Consider your hand strength and comfort when you're choosing the type of gear shift control you'd like. Some of them work with a click, like a button, while others require twisting your wrist. You can always choose which side you'd like the controls to be on. I suggest placing your gear shift and bell on opposite sides so you can happily ding at people while you zoom down hills.
We've talked about things that will make a trike go; now we need to talk about what makes it stop.
There are many technical choices you can make when it comes to brakes, but I'm going to focus on braking controls. Your biggest decision when choosing brakes is whether you'd like hand brakes or coaster brakes. You use coaster brakes with your feet, pedaling backwards. These seem like they'd be great for somebody who has trouble with their hands, because hand brakes can take a bit of strength.
Coasters aren't my favorite, because I like to be able to pedal backwards on various occasions. I'm right-footed, so starting with my right foot up lets my weaker side go for a bit of a free ride when I'm first getting momentum. I've nearly flung myself off my trike while flying happily downhill, and tried to backpedal to bring my right foot up; instead, I screeched to a stop, and almost catapulted over the handlebars. Needless to say, I can't be trusted with anything other than hand brakes.
I prefer to have a handbrake on each side, so I can brake on the front and the rear wheels. But it is possible to get just a front brake, especially if your grip strength isn't as strong on one side, or if you don't plan to do much careening downhill.
Saddle-sores are a great way to cut your cycling career short. Sitting in comfort is key, especially if you have trouble standing to pedal. It's best to avoid friction when you head out on a ride.
Have a (suitable) seat. It could be that the bike seats advertised as most comfortable for other people won't be quite right for you. I tend to slide forward on cushier, wider seats, and end up with most of my weight perched on the narrow front (ouch!); I do much better with firm, sportier seats. You can explore different levels of firmness and different designs.
Get the right seat for your anatomy.
For some riders, it's worth looking into female-specific seats. Some of these have a cut-out in the middle to relieve pressure when riding. It's also important to check spots that are sensitive for you personally. I try to pay attention to the sides of the seat; I need to make sure there aren't any obnoxious, pokey bits that will scrape my legs as they turn in.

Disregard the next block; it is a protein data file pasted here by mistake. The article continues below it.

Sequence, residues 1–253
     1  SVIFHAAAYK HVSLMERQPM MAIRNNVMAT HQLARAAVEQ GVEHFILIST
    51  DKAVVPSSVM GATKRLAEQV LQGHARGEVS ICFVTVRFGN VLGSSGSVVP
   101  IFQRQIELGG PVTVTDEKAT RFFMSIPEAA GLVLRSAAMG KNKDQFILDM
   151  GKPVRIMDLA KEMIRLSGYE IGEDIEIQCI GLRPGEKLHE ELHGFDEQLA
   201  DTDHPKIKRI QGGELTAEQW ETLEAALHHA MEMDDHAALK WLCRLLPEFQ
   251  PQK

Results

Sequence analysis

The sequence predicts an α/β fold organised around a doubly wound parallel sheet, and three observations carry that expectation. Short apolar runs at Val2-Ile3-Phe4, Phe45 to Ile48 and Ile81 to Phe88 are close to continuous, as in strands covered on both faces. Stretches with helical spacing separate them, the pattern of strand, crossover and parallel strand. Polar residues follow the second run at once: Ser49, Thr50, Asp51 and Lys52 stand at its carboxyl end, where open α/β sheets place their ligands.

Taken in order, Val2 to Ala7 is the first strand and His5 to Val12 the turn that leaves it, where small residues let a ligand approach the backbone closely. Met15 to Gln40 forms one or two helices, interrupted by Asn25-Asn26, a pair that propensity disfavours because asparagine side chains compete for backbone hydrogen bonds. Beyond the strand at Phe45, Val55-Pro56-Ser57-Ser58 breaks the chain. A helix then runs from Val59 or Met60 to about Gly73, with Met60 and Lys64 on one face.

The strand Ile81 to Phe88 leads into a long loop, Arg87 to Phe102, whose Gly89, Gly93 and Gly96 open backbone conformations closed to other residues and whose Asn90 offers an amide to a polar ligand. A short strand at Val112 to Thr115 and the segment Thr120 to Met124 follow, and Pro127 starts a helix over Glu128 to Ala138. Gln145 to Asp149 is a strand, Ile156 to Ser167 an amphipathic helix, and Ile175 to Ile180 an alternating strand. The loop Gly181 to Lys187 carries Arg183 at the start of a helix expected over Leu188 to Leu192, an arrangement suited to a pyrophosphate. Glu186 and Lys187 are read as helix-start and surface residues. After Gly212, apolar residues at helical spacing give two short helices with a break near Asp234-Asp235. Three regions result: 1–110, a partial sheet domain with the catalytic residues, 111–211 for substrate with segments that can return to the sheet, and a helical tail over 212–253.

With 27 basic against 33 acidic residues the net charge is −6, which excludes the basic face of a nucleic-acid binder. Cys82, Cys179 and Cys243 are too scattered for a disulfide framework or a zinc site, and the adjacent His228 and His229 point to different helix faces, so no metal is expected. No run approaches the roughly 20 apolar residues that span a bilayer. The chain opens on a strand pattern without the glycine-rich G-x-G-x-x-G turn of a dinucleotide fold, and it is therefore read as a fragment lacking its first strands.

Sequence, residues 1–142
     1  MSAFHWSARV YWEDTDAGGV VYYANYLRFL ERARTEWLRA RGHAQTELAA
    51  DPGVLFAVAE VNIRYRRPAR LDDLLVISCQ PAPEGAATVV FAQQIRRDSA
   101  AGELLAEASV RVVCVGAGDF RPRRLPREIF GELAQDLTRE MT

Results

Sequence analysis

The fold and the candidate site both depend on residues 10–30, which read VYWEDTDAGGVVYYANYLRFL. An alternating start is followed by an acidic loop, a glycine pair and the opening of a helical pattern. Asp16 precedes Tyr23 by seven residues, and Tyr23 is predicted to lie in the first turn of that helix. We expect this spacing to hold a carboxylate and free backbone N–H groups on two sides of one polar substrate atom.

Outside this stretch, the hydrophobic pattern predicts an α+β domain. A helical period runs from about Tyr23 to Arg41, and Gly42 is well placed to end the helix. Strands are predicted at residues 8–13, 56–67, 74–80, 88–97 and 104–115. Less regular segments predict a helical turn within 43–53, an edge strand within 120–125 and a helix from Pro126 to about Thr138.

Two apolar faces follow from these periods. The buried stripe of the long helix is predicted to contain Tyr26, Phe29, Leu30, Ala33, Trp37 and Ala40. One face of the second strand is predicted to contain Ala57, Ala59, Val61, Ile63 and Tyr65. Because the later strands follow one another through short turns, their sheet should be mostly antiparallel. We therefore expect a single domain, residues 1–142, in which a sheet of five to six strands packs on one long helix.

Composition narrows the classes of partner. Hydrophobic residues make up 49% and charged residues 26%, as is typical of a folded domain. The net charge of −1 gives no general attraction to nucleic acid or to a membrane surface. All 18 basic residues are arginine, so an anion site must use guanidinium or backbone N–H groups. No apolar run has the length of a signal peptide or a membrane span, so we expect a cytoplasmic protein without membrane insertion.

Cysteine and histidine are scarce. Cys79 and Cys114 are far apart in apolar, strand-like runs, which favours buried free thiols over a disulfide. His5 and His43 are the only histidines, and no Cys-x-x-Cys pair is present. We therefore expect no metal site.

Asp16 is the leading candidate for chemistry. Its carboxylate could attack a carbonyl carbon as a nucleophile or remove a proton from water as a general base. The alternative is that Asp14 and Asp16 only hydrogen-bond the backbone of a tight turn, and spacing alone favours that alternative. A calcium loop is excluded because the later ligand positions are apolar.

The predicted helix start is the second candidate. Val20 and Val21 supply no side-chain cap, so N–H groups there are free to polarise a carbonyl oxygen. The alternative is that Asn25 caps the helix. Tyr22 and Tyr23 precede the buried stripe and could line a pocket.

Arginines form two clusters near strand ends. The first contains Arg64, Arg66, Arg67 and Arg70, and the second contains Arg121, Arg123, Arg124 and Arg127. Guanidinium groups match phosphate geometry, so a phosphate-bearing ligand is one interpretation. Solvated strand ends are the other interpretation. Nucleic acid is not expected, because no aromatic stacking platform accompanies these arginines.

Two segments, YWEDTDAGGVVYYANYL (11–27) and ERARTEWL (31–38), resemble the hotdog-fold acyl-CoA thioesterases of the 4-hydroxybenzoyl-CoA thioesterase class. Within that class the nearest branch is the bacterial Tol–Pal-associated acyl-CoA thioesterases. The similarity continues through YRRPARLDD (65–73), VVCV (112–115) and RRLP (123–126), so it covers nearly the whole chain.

The clothes make the cyclist! Or, at least, make the cyclist more comfortable. It's a great idea to bring the padding with you, so you can have the comfort you need for every ride. As with everything else mentioned here, your cycling clothes need to fit you and your situation. Mountain bike shorts are often two layers, a snugger under layer and a baggier outer layer. They tend to look a little more like regular shorts than road bike shorts.
Road shorts are a sleeker, single layer. I initially found the snugness less comfortable, but this style actually works better for me, since they don't bunch up based on my internal rotation.
You can also go long, and wear bike pants. These are nice, because they're a little bit of extra protection against skin irritation. I tend to knock my knees against the center bar when I ride, and having pants makes things a little more comfortable, which is the goal!
If you want bike shorts that don't look like bike shorts, you can consider the miraculous skort. Not quite shorts, not quite a skirt, a skort can be a stylish way to get a bit of padding where you need it.
Getting the perfect trike can be costly, but it doesn't have to be. Many people with disabilities have a lot of financial pressures to think about, but that doesn't mean you can't get into cycling. There are grants that can help you afford sports equipment, such as Access for Athletes.
There's also an entire community that can help get you pedaling. For example, you could look into an adaptive sport club to try out a variety of sports. Here's a list of groups in the U.S.
Your local independent living center may also have ideas for local sport groups or sources of adaptive equipment. You could also seek out any local trike rider groups on social media. If nothing else, you should absolutely do a test ride on any trikes your local cycle shop has. That will be a great starting point.
I'm going to do a magic trick and turn into my mom for a second, here. Wear your helmets. I know you don't legally have to if you're an adult, but adults still have brains, and brains are delicate. Brains are also important: all of your cool ideas live there. And, as many of us may already know, dealing with brain injury is not a walk (or, in this case, a trike ride) in the park.
Make sure your helmet fits.
As with any biking equipment, your helmet should fit you, and should be snug and comfortable.
Know when it's time to move on.
If your helmet has to do its job—i.e., if you hit your head while wearing it—, it's time to send your helmet to the great bike rack in the sky. When your helmet is involved in a collision, there might be some damage to it that you can't see, which could make it less effective the next time you have an exciting encounter.
There are many ways to move, and being active is important for all of us. Prioritize fun! There are plenty of activities I didn’t mention here, so keep looking if you're not sure what your next fun hobby should be. If you decide that trike riding is right for you, do yourself a favor and take the time to find a good match. Maybe I'll see you on the trail! Whatever you choose, be persistent, creative, and always wear a helmet. Happy pedaling.
About the Author
STEPHANIE STEIN is a poet with a love of languages. Her work has been featured on Monstering and Red Wheelbarrow. She was a poetry editor for the 2017 Student Edition of Red Wheelbarrow magazine. She was an advisor for the Hollows Shout the Mountain Down collaborative writing workshop with Monstering and Winter Tangerine. Previously, Stephanie worked on various research and writing teams in the high tech field. Now, Stephanie is pursuing a master's degree in linguistics at San Jose State, where she is also seeking a computational linguistics certificate. You can find her on her Tumblr.